Feature Article Reading is Key by Marlin Detweiler

Educational Helps by Laurie Detweiler

Free Offer




April 2008



Feature Article


Reading is Key


A couple weeks ago I had the opportunity to speak at Dominion Classical Christian Academy, Atlanta. They asked me to talk on the importance of reading. In one sense it might seem silly to speak on such a topic—everyone knows the importance of reading. In another sense, we are part of a culture and society that doesn’t’ value reading nearly as much as our ancestors did.


It was not an easy topic for me to speak on either. In fact, Laurie gave me one of those looks that only a wife can give her husband when she found out the topic on which I was to speak. You know, the look that says, “You’ve got to be kidding.” She’s the real reader in our family. It’s not that I don’t read. I read a lot. I just don’t choose to do it for enjoyment with my leisure time the way many well-read folks do. I wish I enjoyed reading more. So, I got to thinking about it in preparation and learned some things I thought worth sharing here.


It seems that readers generally fall into two categories—slow and fast. Slow readers, of which I am one, are good technical readers. They comprehend details well. Reading is not a natural first choice, leisure activity for them. They find reading more tiresome. On the other hand, fast readers don’t comprehend as well. They don’t like technical reading but love to read for pleasure.


Yet, fast or slow, reading is falling on hard times, and we ought to be concerned. The National Endowment for the Arts did a study entitled, “To Read or Not to Read: A Question of National Consequence.” In it they found:

             Only 30% of 13-year-olds read for pleasure on a regular basis

             The average American between the ages of 15 and 24 spends only seven minutes a day reading and half never read for pleasure

             38% of employers find high school graduates deficient in reading comprehension

             Corporate employers spend $3.1 billion for remedial courses; state employers spend $221 million annually


In other words, fast or slow, pleasure or technical, (and yes, I’m assuming no normal person reads leases or contracts or owner’s manuals for pleasure) reading is important, necessary and not taught or inculcated as it should be. Reading is a key ingredient to life.


Consequently, we must train our children to read well and inculcate a love of reading in them. Teaching them to read well is not hard. A good phonics program is the significant ingredient. I’m partial to the Veritas Press Phonics Museum. Inculcating a love for reading isn’t much harder, but requires more of us.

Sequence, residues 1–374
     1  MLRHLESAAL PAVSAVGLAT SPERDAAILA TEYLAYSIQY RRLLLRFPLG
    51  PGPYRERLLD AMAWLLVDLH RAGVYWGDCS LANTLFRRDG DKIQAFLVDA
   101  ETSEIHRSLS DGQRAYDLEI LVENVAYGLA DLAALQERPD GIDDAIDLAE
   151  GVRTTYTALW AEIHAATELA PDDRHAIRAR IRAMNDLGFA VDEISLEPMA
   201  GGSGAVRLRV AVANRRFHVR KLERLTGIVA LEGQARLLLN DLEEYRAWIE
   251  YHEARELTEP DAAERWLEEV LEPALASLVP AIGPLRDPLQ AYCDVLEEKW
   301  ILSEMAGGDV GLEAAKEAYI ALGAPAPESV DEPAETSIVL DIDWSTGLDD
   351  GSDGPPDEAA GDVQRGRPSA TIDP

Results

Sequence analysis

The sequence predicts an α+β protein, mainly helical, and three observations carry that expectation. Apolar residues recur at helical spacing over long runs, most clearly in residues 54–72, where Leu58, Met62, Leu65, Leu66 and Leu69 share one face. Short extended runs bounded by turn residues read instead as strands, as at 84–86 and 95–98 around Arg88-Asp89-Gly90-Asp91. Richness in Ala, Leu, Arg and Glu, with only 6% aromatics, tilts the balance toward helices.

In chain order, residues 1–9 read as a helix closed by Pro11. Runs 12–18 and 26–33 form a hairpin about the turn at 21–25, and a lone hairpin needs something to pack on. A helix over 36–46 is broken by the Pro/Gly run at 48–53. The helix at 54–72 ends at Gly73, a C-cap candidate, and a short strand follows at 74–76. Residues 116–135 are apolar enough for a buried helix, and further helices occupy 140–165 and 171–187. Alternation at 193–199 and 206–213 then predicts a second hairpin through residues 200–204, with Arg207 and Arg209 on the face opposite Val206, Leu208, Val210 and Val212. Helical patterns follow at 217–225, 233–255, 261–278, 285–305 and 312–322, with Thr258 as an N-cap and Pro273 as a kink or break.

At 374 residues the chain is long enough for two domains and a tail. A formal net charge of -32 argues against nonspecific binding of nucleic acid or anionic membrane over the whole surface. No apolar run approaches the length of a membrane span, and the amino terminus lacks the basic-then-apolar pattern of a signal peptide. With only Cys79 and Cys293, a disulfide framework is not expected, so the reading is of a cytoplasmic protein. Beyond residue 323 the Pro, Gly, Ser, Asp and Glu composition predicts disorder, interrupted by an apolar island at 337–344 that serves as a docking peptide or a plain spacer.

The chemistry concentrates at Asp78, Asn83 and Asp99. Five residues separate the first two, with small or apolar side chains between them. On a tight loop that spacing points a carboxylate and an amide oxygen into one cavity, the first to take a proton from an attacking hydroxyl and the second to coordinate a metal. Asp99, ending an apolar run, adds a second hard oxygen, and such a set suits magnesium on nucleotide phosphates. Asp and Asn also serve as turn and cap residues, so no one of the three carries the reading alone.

I have many fond memories of visits to Douglas Wilson’s home. But one of my fondest was when, having finished dinner, his upper teenage children suggested he read to us from Patrick McManus’s book entitled They Shoot Canoes, Don’t They? McManus is known for his outdoor humor. While the details might not be exactly right, I remember a scene that included a deer that was being hunted that ended up riding a bicycle out of control down a steep mountain road. I expect the Wilsons had read the book several times. Yet, to share their family’s routine experience of reading out loud together was a real treat. Even more so was the deep belly laughter that got in Doug’s way as he tried to keep reading the scene as it developed.


I learned something that night. I learned that reading to your children was very, very important. And that’s not all. I learned that it didn’t need to stop (in fact shouldn’t stop) when the kids got a bit older.


Reading together is a bit like watching a movie or going to a sporting event together—a shared experience. Yet, it’s even better. The active role the reader plays, putting feeling into the story, is good practice for the reader and listener. When children learn to read well, with expression, they will translate that ability into being better writers and better speakers. And, of course, there is the delight of being together to simply enjoy the occasion.


My father was an accountant. He was a slow technical reader. However, I have very fond memories of similar interaction, but with numbers. For the fun of it, he taught me long multiplication and division at a very young age. I loved it, and I still love numbers.


So, is it nature or nurture that made Doug’s kids love reading and me to love math problems in a similar way? The answer is probably that it is some of both. And to the extent that we can contribute to the delight and wonder that God has given our children, we must do our part. Start the habit of reading to them when they are young. Keep it up when they are older. You’ll be amazed at the scope of the benefits.